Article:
Wednesday, June 18, 2014

Wednesday's Words, by Morgan Ashbury



I hope the dads among us all had a happy Father’s Day on Sunday. Too often in our society, fathers, just as much as mothers, are under appreciated.

We expect a lot from fathers. Some of these expectations hark back to the days when a woman married a man based on his ability to provide basic needs and protection for her and the children she would bear him. In those days the man was the undisputed king of his home, not just by tradition, but by law. As much as we woman chafe at that concept in today’s modern times, historically speaking, it really was the way society was organized to provide for the survival of the species.

In today’s world, we haven’t lost all of those old expectations, no matter what we would like to believe. In fact, not only have we kept several of those prerequisites as a society, we’ve added new ones, too, because what is “expected” has changed over time. The combination of the two, in my opinion, make the job of being a father a lot more difficult than it ever used to be.

Even in this enlightened age, we still mostly expect fathers to be the main breadwinners of the family. Women work outside the home, of course they do. They are equal home-owners and decision makers by today’s standards. Yet still, women consider the question, when they become mothers, of whether to go back to work after the maternity leave has ended, or to give up the job and be a stay at home mom, at least until the children go to school. There’s no right answer to that question, as women are individuals with individual aspirations. But we women all do think over which option is best for us.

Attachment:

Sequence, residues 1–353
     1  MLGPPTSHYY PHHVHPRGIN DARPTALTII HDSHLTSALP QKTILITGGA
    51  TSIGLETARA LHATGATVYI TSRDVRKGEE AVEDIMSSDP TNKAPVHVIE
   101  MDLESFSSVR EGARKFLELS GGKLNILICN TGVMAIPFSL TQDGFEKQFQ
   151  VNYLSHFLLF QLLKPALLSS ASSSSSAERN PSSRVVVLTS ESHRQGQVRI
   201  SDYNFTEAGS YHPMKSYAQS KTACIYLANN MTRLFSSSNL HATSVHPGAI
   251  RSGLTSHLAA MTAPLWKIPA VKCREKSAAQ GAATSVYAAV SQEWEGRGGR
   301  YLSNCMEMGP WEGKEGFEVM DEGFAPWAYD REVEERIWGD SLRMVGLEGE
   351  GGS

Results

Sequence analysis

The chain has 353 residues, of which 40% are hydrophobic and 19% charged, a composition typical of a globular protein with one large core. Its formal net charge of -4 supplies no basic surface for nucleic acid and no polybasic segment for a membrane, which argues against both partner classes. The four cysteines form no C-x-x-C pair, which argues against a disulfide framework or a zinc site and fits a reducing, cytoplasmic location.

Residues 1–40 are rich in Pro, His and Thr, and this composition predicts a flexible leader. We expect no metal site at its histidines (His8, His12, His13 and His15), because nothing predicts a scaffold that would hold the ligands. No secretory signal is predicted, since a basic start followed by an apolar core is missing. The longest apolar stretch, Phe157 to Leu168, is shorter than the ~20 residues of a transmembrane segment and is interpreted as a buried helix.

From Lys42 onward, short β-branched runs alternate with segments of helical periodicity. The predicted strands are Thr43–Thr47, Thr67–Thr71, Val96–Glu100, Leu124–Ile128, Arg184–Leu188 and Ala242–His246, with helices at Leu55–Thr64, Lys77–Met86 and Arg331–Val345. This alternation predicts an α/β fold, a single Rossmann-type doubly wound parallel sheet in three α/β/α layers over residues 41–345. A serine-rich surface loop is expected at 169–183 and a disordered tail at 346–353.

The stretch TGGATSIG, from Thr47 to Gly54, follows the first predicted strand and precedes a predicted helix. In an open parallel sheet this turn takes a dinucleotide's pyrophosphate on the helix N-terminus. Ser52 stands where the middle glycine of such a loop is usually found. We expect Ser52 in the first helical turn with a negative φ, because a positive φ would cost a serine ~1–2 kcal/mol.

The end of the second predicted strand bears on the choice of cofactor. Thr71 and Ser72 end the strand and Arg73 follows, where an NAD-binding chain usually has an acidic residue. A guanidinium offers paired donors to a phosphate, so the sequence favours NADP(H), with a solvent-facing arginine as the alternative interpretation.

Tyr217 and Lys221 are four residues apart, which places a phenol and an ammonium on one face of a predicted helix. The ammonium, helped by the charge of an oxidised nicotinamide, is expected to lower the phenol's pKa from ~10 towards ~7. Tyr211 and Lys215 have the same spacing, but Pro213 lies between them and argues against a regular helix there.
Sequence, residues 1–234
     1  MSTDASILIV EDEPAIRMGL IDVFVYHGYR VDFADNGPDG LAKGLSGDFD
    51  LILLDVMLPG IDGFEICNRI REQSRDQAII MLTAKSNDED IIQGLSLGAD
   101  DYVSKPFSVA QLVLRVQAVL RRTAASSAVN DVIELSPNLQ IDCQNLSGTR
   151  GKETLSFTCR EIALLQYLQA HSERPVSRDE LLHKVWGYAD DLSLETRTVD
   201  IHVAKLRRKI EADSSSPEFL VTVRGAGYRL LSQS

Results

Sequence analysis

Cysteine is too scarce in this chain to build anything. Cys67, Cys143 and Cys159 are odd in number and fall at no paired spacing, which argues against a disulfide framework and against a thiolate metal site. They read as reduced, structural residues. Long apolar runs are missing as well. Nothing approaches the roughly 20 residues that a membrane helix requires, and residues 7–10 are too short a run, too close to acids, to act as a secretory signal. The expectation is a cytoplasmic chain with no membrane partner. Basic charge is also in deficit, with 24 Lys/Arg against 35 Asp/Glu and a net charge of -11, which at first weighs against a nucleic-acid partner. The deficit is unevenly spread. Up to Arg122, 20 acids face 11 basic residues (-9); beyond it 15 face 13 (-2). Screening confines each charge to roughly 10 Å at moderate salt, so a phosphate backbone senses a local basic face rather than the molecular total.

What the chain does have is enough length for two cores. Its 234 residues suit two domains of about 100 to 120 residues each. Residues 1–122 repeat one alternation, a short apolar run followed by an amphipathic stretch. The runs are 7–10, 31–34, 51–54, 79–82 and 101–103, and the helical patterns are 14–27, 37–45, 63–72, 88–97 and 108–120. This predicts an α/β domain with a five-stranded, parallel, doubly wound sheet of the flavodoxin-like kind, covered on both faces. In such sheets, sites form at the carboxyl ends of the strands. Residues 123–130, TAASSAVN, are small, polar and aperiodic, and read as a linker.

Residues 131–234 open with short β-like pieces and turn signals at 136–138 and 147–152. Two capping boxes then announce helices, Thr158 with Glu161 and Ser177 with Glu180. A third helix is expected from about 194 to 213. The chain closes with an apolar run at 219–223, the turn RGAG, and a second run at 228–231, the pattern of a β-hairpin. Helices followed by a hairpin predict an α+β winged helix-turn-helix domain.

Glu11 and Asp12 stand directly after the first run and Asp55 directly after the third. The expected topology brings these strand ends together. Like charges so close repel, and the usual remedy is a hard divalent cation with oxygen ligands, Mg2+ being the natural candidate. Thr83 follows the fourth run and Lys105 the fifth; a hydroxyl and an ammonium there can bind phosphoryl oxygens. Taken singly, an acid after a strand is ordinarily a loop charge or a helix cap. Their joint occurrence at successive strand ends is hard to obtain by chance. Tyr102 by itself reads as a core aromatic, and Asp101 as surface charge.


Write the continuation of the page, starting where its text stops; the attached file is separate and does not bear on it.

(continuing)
By and large, the fathers aren’t given that choice at all. They are expected to continue to work, no matter what.

We expect fathers to protect our children from harm, even though that expectation, in today’s world, isn’t always realistic. Neither are fathers allowed the same tools they once had to ensure the safety of their families. There are no more castles, or moats; fathers may no longer lock their children in their rooms to keep the dangerous elements of society away from them. In an age when children are seeking and being granted rights that quite frankly they are sometimes far too young to truly understand, we have made the father’s job of protecting his family very difficult.

 And yet despite all these things, today’s father has adapted. You don’t see fathers with picket signs bemoaning how hard it is to do what we ask of them. You see them, instead, coaching baseball and soccer for their sons and their daughters. You see them driving kids to games and lessons, playing at the park with their children, sitting at the kitchen table helping their kids with math, or science projects. You see today’s fathers being an integral part of their children’s lives.

Fathers take an active interest in their children’s educations, teach them how to drive, fix broken toys and sometimes, do their best to patch up broken dreams. Fathers are there in the night when the bogey man is near, and they lend a solid shoulder to cry on when the tough stuff of life hits.

They never stop being fathers, either. When their children are grown and have children of their own, they are still there, with advice and a hug, stalwart in their role.

Mothers are good at nurturing in a gentle way. Fathers are good at setting the limits, and loving you even when you overstep those bounds.

So fathers, here’s to you, and the countless selfless acts you perform for you families, doing what you do because it’s the right thing to do—and not ever once considering doing it any other way.

You’ll say that’s nothing special. But the rest if us know, that’s what being a hero is all about.



Love,

Morgan



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